Mariscos El Kora’s truck is one of three seafood specialists I’ve found on the streets of Salinas so far. After four visits, I find it the least of the three. However, it seems to be the most popular, always milling with customers. One Sunday I counted 14 chairs and even more than that number in customers munching on seafood-topped tostadas.
Mariscos truck -
Parked on the curb in front of 32 East Menke Street, the truck promotes “estilo Nayarit”. I asked whether it was under common ownership with El Kora restaurant on Griffin, and at one time it was, but is now separate.
What it still shares with the brick and mortar restaurant (http://www.chowhound.com/topics/352019) is an absolutely killer, housemade green salsa. A brilliant shade of green and extremely spicy with grassy overtones, this super hot sauce seems to be made solely of coarsely ground fresh chilis. A little goes a long way, be careful when you squirt it from the squeeze bottles. They’re generous in doling out a stryo cup of it whenever I’ve asked.
Tostada mixta -
My first time here I ordered the tostada mixta. I thought it was terrible, overcooked shrimp, tough octopus, and smelly fake crab. The tostada was sandy and lacking in much flavor. I did find it interesting that the rustic chunks of cucumbers and tomatoes were pressed onto the tostada under the big pile of seafood. After two bites, I dumped it.
But for another perspective on its possible appeal, another time I spoke to another customer who said he’d been coming here since high school (more than 10+ years). He’d tried the Las Glorias truck around the corner, but thought the seafood didn’t have as much flavor. He explained that he likes his food chunky with something to bite into, and I had to agree that the finer dice of the veggies at Las Glorias was a big contrast to the ungainly hunks of cucumbers here. Also, the serving size is bigger here, can’t disagree with that.
My second visit with David Boyk and Cyrus Farivar, we tried the campechana, $7. This was more solidly packed than the version at Las Glorias, and included some canned clams and cubes of abalone. The juices had a stronger briny flavor of canned clam juice and tomato water vs. the cool cucumber flavors of Las Glorias. Once we’d eaten part of it, the staff called us back to plop a couple raw oysters to top off our cocktail. Again, the portion size is bigger here. The oysters were the highlight of this, and after a few bites, David, like me didn’t feel like eating any more of this.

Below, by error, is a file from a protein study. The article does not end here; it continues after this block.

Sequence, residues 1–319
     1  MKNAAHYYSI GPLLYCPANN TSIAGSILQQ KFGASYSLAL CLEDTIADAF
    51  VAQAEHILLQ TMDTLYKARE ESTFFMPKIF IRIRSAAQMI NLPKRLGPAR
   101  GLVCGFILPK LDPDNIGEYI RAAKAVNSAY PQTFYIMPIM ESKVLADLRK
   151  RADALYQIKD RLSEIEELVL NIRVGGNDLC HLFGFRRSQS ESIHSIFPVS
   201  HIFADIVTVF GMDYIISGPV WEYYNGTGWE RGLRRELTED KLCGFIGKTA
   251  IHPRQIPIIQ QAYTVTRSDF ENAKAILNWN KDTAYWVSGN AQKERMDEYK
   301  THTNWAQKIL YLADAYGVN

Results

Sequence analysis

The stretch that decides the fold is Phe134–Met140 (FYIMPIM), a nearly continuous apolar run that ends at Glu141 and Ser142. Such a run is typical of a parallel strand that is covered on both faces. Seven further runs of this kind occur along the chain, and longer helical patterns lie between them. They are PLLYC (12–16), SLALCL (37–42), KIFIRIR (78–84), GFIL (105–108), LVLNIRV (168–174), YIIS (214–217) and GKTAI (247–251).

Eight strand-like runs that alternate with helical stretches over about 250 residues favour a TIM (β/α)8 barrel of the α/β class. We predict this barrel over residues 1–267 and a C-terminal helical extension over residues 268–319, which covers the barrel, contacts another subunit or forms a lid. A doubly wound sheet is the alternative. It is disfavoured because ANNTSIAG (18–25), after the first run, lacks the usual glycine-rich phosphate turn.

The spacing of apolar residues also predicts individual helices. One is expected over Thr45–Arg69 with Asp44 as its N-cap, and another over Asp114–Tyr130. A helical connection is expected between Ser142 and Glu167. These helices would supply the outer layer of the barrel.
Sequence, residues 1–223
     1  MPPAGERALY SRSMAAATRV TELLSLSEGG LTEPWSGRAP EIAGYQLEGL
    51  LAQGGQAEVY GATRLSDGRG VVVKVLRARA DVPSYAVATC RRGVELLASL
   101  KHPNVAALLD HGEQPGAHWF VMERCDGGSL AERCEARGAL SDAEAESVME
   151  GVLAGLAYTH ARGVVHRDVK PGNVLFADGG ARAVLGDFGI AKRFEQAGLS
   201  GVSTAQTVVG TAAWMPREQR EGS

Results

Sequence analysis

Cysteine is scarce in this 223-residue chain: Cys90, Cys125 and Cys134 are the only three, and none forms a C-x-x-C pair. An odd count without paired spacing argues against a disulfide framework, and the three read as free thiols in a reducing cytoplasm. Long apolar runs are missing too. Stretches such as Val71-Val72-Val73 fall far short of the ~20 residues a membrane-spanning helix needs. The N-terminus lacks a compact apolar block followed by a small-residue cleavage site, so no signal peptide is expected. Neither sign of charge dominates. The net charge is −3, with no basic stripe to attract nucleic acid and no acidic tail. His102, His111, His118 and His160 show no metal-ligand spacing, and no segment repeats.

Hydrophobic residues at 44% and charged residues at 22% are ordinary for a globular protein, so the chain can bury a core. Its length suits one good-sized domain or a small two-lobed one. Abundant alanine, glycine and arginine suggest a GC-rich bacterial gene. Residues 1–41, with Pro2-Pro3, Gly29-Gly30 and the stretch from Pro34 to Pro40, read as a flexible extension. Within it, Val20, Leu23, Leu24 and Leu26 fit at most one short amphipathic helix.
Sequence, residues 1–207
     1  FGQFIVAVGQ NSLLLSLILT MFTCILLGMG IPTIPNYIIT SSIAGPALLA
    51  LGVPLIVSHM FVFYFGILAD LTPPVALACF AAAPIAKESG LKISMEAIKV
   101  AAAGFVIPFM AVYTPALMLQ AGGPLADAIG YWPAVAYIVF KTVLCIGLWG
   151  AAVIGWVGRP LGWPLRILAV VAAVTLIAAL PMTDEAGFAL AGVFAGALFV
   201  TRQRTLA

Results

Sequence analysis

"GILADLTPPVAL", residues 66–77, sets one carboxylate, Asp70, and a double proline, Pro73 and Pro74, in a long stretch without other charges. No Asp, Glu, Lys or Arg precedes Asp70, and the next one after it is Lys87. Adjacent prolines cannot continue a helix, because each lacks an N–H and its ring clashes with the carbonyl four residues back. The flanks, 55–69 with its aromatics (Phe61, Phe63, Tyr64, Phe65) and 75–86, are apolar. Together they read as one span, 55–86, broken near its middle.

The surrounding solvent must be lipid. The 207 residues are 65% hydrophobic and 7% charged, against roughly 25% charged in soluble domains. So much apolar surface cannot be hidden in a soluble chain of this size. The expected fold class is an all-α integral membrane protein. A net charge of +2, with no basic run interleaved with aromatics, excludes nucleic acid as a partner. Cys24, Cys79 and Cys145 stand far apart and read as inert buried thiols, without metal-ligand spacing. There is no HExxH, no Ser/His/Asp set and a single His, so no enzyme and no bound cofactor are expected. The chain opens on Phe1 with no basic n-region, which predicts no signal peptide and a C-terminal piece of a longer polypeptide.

Campechana and tostada de ceviche -
I gave it another try during our taco truck crawl and chowdown last month. We tried the campechana again and ordered a tostada with fish ceviche. The cottony, dried out ceviche was awful, not even recognizable as fish. And, while the campechana was a strong contrast to the two Sinaloan style we’d had, “heidipie” said she didn’t want any more of this one.
I’ve been back one more time to get some raw oysters for my dad on Fathers Day when Las Glorias had already shut down. Asking for them “en vaso”, six shucked oysters with juices and chopped cucumber, tomato, and red onion was a bargain at $5, especially with the little cup of homemade green salsa. Yet, the oysters were poorly shucked, some stabbed through the center and bleeding their milky middles.
With four visits, I’ve given this one more than a fair shake. It’s not for me, but given it’s popularity with others, some might like to try it.
Salinas Chowdown Report -
Google Map of Salinas Street Food -
by Kelsey Butler | Nostalgia is a factor not to be discounted when it comes to food, and these five holiday staples sometimes...
by David Klein | Mail order cookies, cakes, pies, and other sweet treats are better (and more prolific) than ever...